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A curated weekday guide to major news and developments over the past 24 hours. Here’s today’s news.
The Israeli Defense Forces told the U.N. that approximately 1.1 million people living in northern Gaza should relocate to southern Gaza in the next 24 hours, a U.N. spokesperson said. “The United Nations considers it impossible for such a movement to take place without devastating humanitarian consequences,” the U.N. said in a statement. The U.N. “strongly appeals for any such order, if confirmed, to be rescinded avoiding what could transform what is already a tragedy into a calamitous situation,” it added. Israel’s ambassador to the U.N., Gilad Erdan, has called the U.N. response “shameful.” “Instead of standing by Israel, whose citizens were slaughtered by Hamas terrorists… it preaches to Israel,” said Erdan. BBC News reports.
Israeli intelligence reportedly saw signs of irregular activity among Hamas operatives in Gaza the day before the attack, suggesting the militant group could have been preparing for an attack. Consultations that included the Israeli Defense Forces (IDF) Chief of Staff Herzi Halevi, Shin Bet director Ronen Bar, and Aharon Haliva, head of military intelligence, were called in light of the irregular activity. However, an Israeli official said that leaders decided to wait for more intelligence before putting IDF forces around Gaza on high alert. Barak Ravid reports for Axios.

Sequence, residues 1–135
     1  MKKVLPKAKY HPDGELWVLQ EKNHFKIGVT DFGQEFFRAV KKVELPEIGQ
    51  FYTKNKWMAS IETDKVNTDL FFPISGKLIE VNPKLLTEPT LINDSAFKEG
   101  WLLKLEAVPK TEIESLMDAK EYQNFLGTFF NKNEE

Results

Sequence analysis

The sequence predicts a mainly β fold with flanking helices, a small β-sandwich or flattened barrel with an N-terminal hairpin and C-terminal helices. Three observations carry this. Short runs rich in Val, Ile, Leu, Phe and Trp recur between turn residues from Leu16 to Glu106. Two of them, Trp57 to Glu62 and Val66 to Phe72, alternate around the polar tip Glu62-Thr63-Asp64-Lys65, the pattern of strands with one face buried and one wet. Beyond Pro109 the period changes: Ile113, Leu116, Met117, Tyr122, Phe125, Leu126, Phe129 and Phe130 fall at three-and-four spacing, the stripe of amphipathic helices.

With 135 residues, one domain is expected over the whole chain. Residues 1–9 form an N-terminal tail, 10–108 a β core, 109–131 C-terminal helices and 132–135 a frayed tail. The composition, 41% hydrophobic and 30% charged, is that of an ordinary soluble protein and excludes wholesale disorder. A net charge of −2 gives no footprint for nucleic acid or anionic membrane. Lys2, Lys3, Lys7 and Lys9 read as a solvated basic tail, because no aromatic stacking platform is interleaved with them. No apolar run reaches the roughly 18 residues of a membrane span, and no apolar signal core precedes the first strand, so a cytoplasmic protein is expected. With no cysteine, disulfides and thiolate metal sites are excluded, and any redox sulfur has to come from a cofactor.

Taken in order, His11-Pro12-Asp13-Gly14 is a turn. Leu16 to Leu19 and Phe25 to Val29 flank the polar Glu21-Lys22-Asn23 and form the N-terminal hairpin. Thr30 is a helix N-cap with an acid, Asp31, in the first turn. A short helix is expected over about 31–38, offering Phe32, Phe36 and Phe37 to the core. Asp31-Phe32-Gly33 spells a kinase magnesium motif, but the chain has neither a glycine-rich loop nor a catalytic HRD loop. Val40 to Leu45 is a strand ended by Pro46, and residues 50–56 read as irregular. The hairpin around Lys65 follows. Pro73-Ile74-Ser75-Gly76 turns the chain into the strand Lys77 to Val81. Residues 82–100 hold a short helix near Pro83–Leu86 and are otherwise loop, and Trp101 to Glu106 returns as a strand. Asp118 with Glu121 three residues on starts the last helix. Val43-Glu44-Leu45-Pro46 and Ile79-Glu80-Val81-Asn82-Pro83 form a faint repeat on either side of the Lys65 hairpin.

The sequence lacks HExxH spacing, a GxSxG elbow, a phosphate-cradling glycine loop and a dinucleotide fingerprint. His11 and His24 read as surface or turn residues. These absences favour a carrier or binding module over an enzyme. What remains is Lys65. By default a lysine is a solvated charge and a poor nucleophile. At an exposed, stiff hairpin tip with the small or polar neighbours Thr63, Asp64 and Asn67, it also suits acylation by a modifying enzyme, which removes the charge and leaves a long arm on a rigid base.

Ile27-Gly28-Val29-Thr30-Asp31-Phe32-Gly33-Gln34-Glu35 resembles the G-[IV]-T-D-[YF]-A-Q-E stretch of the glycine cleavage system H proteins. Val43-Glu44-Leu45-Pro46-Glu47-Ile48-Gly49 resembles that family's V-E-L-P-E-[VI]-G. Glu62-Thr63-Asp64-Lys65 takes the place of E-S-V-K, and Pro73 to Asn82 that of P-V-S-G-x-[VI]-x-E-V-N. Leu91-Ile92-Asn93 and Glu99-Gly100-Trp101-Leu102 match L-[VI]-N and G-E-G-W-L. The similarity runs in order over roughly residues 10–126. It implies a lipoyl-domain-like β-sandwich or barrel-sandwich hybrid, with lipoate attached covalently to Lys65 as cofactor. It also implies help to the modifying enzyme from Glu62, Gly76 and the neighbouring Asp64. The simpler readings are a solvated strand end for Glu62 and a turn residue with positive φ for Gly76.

Hamas militants carried detailed maps of towns and military bases and tactical guides identifying weaknesses, indicating the extent of the militant group’s planning. The documents also serve as evidence that Hamas intended to attack civilian populations as well as military targets. David S. Cloud, Anat Peled, and Dov Lieber report for the Wall Street Journal.
Rear Admiral Daniel Hagari, a spokesperson for the Israel Defense Forces yesterday, said, “Unlike other operations, we are collapsing the governance and sovereignty of the Hamas organization.” Israel has mobilized 360,000 reservists and has amassed armored divisions near Gaza. According to the Palestinian Health Ministry, 1,537 people have been killed following six days of airstrikes on Gaza, including 500 children and 276 women. Shira Rubin, Louisa Loveluck, Samantha Schmidt, and Susannah George report for the Washington Post.